their mothers, ignoring the widow’s warning shadow, running
after their dams as if tugged by little threads.
There was renewed booming in her ears. Her pulse huge
and painful, racketing in her head. She must not think of
babies. Must not think at all.
The widow gripped her knees in apprehension, stared
down at the dreaming surface of the river, and held her
breath. Would she see figures there? She hummed a short
hymn to stave them off. Rocked back and forth. A small
breeze rose. The booming subsided slowly. In the end, the
river did nothing.
It was with grinding certainty that her mental lapses
came, sometimes accompanied by noises — a booming in her
ears, yes, but also voices, strange and distorted. Terrible things
were imparted to her in non-words, in senseless howling. Or
the sound of a cricket chirruping. Or a clatter, like a spoon
thrust into a fan. She would press her hands over her ears —
pointlessly, because the noise came from within — press her
palms there as if to keep the horrors from leaking out of her
into the room. First the sounds, then the visions. And every
time, she suffered a sense of fatedness, of punishment. She
was like a woman forever woken from a nightmare, afraid to
go back to sleep lest it pick up where it left off. The world has
gone black before, and surely will again — because you make it so.
What spooks will come? What hand come to startle the sleepwalker?
She knew there was a truth or near-truth in those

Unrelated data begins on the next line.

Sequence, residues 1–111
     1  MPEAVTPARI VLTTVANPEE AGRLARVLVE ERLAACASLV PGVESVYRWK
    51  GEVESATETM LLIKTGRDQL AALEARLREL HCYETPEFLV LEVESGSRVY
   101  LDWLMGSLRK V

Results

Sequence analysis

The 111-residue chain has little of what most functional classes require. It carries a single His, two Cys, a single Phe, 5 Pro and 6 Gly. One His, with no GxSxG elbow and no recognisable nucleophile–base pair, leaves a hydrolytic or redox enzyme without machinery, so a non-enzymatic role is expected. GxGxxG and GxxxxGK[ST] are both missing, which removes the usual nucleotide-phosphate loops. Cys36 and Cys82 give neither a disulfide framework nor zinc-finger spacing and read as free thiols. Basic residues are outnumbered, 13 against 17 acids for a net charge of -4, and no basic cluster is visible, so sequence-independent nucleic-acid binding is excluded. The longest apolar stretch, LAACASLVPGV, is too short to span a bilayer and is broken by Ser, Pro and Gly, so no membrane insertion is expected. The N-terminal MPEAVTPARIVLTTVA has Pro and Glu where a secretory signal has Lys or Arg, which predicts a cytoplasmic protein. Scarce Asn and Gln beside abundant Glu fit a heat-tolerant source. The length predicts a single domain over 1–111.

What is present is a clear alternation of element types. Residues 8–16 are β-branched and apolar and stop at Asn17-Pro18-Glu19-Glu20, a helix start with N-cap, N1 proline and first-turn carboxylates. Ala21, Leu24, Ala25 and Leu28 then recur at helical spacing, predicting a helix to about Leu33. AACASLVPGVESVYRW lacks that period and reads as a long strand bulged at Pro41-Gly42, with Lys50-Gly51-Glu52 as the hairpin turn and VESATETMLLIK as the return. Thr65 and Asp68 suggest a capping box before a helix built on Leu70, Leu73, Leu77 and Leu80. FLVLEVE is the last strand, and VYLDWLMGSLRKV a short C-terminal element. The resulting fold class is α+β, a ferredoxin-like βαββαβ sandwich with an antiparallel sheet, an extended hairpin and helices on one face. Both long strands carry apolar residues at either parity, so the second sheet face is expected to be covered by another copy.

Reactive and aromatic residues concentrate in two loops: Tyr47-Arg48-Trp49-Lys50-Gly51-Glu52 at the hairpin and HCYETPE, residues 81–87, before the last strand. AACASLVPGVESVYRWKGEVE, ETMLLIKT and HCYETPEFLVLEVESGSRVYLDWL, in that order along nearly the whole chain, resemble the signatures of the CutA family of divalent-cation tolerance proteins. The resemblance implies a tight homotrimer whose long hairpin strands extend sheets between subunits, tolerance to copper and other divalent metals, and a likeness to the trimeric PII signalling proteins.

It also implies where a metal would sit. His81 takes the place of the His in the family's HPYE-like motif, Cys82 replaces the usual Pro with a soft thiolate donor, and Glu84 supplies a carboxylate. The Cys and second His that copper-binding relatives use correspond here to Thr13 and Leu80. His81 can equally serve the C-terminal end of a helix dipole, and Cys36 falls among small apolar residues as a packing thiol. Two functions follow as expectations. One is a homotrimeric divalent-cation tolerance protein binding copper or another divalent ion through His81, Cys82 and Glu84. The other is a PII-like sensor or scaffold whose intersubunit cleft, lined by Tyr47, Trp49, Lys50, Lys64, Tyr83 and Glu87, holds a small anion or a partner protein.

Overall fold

terrifying moments, a lesson she must undergo. She suffered
the stuffing in of it all, while her body remained in the world,
exposed, her flesh in its clothes and shoes, going about its
business, an empty, drifting engine.
So now she hummed her little hymn, her incantation to
stave off the rolling darkness. Sometimes it worked.
the rest of the day the widow hurried along through the
heat, clutching her shawl. There were no houses now, only
fields with roads crossing them. Slowly her eyes fell till she
was simply watching her boots swing forward and then back,
crescent puffs of dust in each footfall. Unslept for several
days, she simply walked, the regular pulse of her breath in
her ears all that hollow afternoon, her life reduced to rhythm.
When the light faded entirely, she became part of the night.
The dark was heaven, and heaven was the night. She mouthed
incantations to it: As it was in the beginning, is now, and ever